There’s a freshness to Norway. Perhaps it’s because of the crisp, snowy winters that cleanse this quiet Scandinavian country every year, revitalising the cities, the countryside and its citizens for the long days of its northern summers.
Perhaps it’s the landscape; the jagged fjords that zigzag through the spearmint-blue waters of the coastline or the untouched forests that blanket the countryside, filled with edible bounty like blackberries, reindeer and sorrel which find their way onto the plates of the country’s world-renowned restaurants.
Or it may be the bustling but never-too-busy city streets and precincts, like Oslo’s pretty harbourfront, dotted with sailboats and large tubs of colourful blooms.
Whether you’re wowed by natural wonders or humankind’s great creations, Norway feels like a cool splash of water: revitalising and renewing. Here are five reasons to start planning the Nordic adventure of a lifetime.
Be awestruck by the northern lights
The silence is what most people find so staggering when they first view the eerie green gaseous trails that light up the northern night sky during the northern hemisphere’s winter months. It’s difficult to imagine how something so powerful and dramatic could slice through the universe without sound.
It’s a life-changing experience you won’t forget on one of Hurtigruten’s small group Follow The Lights tours that chase the magical Aurelius Borealis for between 14 and 18 days either northbound from Oslo, or southbound from Saariselkä in Finland. Both weave along the western Norwegian coastline and include a wealth of diversions beyond the lights, including an overnight stay in a genuine Snowhotel and the chance to explore Christmas-card pretty northern towns including Trondheim and Tromsø.
Taste Michelin-starred foraged-and-fished Scandinavian cuisine
Thanks to its dedication to fresh, foraged food, Scandinavia has enchanted the Michelin star reviewers for years. Norway is home to one of only two three-Michelin starred restaurants in Scandinavia: Maaemo in Oslo, which serves only wild, organic or biodynamic produce.
Re-Naa in the northern city of Stavanger boasts two stars and is known for its precise, artistic plating and for using produce found no further than 30 minutes from the restaurant.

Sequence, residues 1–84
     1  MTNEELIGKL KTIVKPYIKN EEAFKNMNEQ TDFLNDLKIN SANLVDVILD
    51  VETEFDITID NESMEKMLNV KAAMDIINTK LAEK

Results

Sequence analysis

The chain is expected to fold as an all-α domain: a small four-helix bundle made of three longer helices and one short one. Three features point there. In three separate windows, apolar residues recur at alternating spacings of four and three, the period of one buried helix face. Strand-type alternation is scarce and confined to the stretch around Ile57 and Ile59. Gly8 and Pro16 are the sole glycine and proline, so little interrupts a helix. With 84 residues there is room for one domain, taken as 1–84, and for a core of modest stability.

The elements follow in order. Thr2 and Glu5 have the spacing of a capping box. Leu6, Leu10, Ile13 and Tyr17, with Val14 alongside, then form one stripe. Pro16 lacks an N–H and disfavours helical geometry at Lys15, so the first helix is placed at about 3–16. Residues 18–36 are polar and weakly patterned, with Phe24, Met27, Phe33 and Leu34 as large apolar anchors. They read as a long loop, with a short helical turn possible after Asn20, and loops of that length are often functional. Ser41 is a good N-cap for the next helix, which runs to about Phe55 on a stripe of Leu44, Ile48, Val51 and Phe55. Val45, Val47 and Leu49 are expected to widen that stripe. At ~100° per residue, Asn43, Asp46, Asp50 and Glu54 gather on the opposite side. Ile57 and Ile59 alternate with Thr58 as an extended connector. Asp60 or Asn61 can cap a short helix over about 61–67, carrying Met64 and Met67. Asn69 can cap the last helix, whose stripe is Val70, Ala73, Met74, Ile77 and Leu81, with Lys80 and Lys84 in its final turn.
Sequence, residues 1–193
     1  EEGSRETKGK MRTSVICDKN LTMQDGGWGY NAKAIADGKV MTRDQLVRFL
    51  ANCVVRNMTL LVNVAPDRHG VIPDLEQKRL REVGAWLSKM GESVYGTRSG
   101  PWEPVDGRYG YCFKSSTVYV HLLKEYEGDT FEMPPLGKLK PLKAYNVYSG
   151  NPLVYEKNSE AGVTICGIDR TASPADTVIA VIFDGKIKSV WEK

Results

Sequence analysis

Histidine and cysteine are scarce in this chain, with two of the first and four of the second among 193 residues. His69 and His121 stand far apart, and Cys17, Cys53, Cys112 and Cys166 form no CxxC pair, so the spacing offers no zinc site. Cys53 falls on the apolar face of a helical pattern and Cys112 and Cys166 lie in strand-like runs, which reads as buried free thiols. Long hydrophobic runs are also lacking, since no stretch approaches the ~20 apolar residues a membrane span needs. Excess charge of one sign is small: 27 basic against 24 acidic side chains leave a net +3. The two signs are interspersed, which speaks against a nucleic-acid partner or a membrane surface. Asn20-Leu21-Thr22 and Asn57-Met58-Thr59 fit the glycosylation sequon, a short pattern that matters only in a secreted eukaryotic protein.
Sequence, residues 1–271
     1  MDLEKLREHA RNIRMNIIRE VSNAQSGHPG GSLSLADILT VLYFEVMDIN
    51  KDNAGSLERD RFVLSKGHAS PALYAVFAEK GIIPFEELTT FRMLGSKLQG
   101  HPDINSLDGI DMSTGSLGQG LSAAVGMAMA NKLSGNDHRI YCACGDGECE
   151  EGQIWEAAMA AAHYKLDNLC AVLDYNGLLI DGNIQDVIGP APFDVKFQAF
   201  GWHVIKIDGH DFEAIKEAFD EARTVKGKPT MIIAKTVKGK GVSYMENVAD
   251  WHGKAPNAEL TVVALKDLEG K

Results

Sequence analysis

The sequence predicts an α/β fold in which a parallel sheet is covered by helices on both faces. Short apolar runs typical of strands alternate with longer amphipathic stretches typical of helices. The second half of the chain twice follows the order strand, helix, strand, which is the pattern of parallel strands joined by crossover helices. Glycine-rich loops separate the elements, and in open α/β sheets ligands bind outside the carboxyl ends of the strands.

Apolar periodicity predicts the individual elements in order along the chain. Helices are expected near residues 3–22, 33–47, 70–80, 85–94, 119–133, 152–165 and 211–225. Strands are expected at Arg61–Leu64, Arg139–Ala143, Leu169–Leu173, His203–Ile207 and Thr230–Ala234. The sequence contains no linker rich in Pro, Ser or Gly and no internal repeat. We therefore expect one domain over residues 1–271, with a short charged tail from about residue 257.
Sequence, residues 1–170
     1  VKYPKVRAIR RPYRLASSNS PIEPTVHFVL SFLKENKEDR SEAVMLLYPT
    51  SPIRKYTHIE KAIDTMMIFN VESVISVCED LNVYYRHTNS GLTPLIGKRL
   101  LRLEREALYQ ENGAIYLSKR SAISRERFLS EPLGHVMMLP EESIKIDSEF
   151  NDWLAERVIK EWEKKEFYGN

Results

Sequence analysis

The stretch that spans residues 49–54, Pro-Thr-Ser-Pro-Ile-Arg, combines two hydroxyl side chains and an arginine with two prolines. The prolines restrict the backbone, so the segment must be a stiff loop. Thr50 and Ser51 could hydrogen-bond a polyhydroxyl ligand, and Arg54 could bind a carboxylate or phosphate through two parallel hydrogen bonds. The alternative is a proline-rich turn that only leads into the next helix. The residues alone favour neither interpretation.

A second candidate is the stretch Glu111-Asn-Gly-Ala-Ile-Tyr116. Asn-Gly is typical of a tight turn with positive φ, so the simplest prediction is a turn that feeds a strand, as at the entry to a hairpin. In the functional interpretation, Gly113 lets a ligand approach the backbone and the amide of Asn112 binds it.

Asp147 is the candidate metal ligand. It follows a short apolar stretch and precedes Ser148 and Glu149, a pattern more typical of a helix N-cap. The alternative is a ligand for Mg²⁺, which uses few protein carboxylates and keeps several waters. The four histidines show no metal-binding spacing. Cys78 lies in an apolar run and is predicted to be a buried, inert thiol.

And don’t discount the country’s one-starred offerings – the single starred restaurants are often the most creative, such as the extraordinary Under, which allows guests to marvel at the seabed as they eat, sitting 5.5 metres under the ocean off the coast of the town of Lindesnes.
See polar bears in the wild
The wild, Arctic archipelago of Svalbard and its island Spitsbergen is one of the best places to view polar bears anywhere on earth.
Hurtigruten Expeditions begin at the small research town of Longyearbyen, famous for its brightly coloured A-frame houses, before traversing the majestic white wonderland of these arctic islands, framed by towering glaciers and floating icebergs.
In summer, polar bears can be seen sleeping on the ice to conserve their energy, their buttery-yellow fur helping them to stand out from the bright whiteness of the ice. If you’re lucky you’ll see a mother and her cubs practising stalking seals and other prey on the icefloes.
On your journey to circumnavigate the islands, you also have a good chance of seeing rainbow-beaked puffins flying clumsily from rocky cliffs, fat walruses clumped together on the ice in their family groups and possibly blue, minke and beluga whales gliding through the ice-cold waters.
Admire one of the world’s most powerful paintings… twice
Norway’s most famous artwork is instantly recognisable; the disconcertingly startled face in Edvard Munch’s The Scream. In fact, Munch painted several versions of his masterwork and you can see two of them in two separate locations around Oslo.
But Norway has an artistic soul that goes beyond Munch. The country is dotted with galleries, museums and other creative centres. The Henie Onstad, on a forested and waterfront property just outside of Oslo, is home to a spectacular sculpture park, while the Stavanger Art Museum in the north houses more than 2600 artworks, including large collections from two of Norway’s most revered artists, Lars Hertervig and Kitty Kielland.
Explore dramatic fjords
The crinkled fjords of Norway are some of the most breathtaking on earth. Hurtigruten’s 12-day Classic Roundtrip Voyage begins in Bergen, then weaves in and out of the breathtaking Norwegian coastline to its icy north, from the UNESCO-listed Geirangerfjord which is flanked by towering cliffs and thundering waterfalls, to the lovely fjordtown Molde, also known as the City of Roses, which offers spectacular mountain views and, in summer, a famous jazz festival.
This trip also takes guests high into the Arctic Circle where their expedition ship sails past imposing glaciers that creak and crash as ice falls into the sea, as well as several stops that give a glimpse into the culture of the region’s native Sámi people. It can be taken in winter to maximise the chance of viewing the northern lights, or in the endless summer light of the warmer months, which is the perfect time for wandering in and out of restaurants, cultural hubs and shops at each port.
If you want to travel deeper into each destination, there are more than 70 optional excursions on each trip including mountain hikes, kayaking, cycling and guided museum visits.